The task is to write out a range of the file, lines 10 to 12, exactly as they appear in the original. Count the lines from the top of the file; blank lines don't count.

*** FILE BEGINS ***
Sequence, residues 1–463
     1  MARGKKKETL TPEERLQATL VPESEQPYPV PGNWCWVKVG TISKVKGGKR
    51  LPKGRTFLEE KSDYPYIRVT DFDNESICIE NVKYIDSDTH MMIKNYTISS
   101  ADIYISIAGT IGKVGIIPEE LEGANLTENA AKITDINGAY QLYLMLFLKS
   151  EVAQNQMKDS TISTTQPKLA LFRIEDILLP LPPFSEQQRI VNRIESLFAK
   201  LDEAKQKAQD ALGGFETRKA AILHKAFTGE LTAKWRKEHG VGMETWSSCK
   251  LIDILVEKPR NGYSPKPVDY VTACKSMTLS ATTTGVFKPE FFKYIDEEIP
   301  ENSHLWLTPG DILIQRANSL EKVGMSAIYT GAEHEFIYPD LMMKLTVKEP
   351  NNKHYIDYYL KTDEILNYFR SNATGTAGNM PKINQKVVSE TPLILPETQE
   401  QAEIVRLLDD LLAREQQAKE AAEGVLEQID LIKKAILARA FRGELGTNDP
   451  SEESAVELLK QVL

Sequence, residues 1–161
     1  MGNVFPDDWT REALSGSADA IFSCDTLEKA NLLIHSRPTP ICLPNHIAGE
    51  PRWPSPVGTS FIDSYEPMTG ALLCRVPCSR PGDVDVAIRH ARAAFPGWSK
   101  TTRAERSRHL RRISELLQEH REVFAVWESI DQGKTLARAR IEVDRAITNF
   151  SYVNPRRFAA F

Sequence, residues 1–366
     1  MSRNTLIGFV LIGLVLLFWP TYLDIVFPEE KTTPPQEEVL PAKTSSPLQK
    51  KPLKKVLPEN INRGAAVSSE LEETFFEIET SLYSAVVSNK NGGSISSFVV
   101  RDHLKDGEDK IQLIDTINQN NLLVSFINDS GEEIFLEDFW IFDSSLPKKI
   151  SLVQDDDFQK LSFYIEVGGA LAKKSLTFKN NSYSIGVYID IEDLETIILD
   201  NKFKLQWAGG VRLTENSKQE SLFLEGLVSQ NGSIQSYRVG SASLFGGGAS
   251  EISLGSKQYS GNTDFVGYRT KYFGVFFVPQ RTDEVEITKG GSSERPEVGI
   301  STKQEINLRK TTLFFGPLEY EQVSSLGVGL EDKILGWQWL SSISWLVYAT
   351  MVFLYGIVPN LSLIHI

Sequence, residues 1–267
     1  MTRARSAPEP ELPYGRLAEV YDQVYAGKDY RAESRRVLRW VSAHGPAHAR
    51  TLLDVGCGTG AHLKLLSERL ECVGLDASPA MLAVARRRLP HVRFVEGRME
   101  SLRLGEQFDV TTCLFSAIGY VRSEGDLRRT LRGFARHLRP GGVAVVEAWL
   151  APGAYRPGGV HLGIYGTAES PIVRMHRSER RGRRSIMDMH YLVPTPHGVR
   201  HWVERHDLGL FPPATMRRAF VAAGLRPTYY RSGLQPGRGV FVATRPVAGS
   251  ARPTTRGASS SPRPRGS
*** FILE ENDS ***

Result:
   401  QAEIVRLLDD LLAREQQAKE AAEGVLEQID LIKKAILARA FRGELGTNDP
   451  SEESAVELLK QVL

Sequence, residues 1–161